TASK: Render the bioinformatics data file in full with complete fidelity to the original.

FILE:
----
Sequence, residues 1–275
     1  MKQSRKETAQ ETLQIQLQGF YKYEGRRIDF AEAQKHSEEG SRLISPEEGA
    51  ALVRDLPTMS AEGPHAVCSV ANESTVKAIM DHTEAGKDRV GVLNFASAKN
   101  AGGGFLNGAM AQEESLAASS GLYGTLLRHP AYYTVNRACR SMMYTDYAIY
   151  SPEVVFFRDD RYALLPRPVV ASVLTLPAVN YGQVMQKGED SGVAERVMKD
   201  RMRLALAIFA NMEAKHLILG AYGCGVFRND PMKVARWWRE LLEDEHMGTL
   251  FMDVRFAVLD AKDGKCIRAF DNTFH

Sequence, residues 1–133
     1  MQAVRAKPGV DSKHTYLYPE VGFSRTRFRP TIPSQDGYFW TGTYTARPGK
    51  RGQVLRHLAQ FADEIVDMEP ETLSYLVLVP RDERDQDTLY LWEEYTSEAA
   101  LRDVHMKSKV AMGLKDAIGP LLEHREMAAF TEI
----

Sequence, residues 1–275
     1  MKQSRKETAQ ETLQIQLQGF YKYEGRRIDF AEAQKHSEEG SRLISPEEGA
    51  ALVRDLPTMS AEGPHAVCSV ANESTVKAIM DHTEAGKDRV GVLNFASAKN
   101  AGGGFLNGAM AQEESLAASS GLYGTLLRHP AYYTVNRACR SMMYTDYAIY
   151  SPEVVFFRDD RYALLPRPVV ASVLTLPAVN YGQVMQKGED SGVAERVMKD
   201  RMRLALAIFA NMEAKHLILG AYGCGVFRND PMKVARWWRE LLEDEHMGTL
   251  FMDVRFAVLD AKDGKCIRAF DNTFH

Sequence, residues 1–133
     1  MQAVRAKPGV DSKHTYLYPE VGFSRTRFRP TIPSQDGYFW TGTYTARPGK
    51  RGQVLRHLAQ FADEIVDMEP ETLSYLVLVP RDERDQDTLY LWEEYTSEAA
   101  LRDVHMKSKV AMGLKDAIGP LLEHREMAAF TEI